UK lawmakers hear how clamping down on hybrid work is hampering gender equality
(Bloomberg) — The rollback of flexible working practices is hurting efforts to boost gender equality in the City of London, parliamentarians heard on Tuesday.
When the outbreak of Covid-19 forced firms to adapt to working from home, the change benefitted working parents in particular, according to Fiona Mackenzie, chief executive officer of The Other Half, a UK-based think tank. But three years on, corporate attitudes are now changing, she told the Treasury Select Committee, which is currently investigating sexism in London’s financial services sector.
Lots of company bosses are “quite keen to switch it off and particularly in founder-led firms, maybe US-based firms, and certainly in the investment industry, lots of it is being dialed back,” said Mackenzie. “There are women all over the City who are now working their notice, who have left jobs where they were high-calibre performers, because hybrid working enabled them to stick in those roles.”
Read more: Goldin’s Nobel Shows the Power of Flexible Work for Women
Lawmakers are looking into the state of gender equality in the City in the wake of numerous scandals surrounding the industry, such as allegations of harassment against hedge fund giant Crispin Odey and the Confederation of British Industry, the country’s largest business lobby group. Women in the industry also face a gender pay gap of 26%, and are sparsely represented across the top ranks of firms, with both measures moving at a glacial pace.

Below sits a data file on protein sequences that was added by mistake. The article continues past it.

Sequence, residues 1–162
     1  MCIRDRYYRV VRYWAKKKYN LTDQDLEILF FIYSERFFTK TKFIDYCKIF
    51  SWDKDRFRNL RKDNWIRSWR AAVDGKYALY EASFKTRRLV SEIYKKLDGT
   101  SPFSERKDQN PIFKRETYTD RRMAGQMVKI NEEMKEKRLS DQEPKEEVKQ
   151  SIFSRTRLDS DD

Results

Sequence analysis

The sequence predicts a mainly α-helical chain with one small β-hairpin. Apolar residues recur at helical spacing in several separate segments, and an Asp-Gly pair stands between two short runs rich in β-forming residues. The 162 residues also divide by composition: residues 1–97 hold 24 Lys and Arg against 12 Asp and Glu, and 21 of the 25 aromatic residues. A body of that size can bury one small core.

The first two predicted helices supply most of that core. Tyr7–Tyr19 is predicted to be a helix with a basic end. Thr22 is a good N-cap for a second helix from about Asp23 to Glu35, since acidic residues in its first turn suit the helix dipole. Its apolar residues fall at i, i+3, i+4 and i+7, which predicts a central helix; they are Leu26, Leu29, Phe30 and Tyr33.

The inquiry’s evidence “suggests that really the dial has barely moved since 2018,” the year of the #MeToo movement, said Harriett Baldwin, who chairs the committee.
That has been in part due to resistance to change a sector where many companies still retain an ‘Old Boys’ Club’ culture. Men dominate in terms of numbers and some companies still have a lack of transparency around pay, bonuses and career progression, the lawmakers heard.
Flexible working practices can be one key to guarding against the “motherhood penalty,” where career opportunities for women stall once they have children. But across the sector, companies are beginning to crack down on such policies, with Lloyds Banking Group Plc, HSBC Holdings Plc and the UK employees of Citigroup Inc. told to spend more time in the office. Citigroup has also started monitoring office attendance after CEO Jane Fraser warned employees about being hauled back to the office if their productivity flagged.
Companies sharply clamping down on flexible working are now losing women, Mackenzie said. “And there are leaders who are tearing their hair out, because they know they are losing great people because of these decisions to just switch off hybrid working unthinkingly.”
In written evidence, The Other Half said finance workers were calling for their firms to make flexible working patterns and specifically part-time roles more workable. “Although this may seem both obvious and easily within reach, it requires greater organisational commitment than hiring women into part-time roles and leaving them to succeed or fail,” it said.
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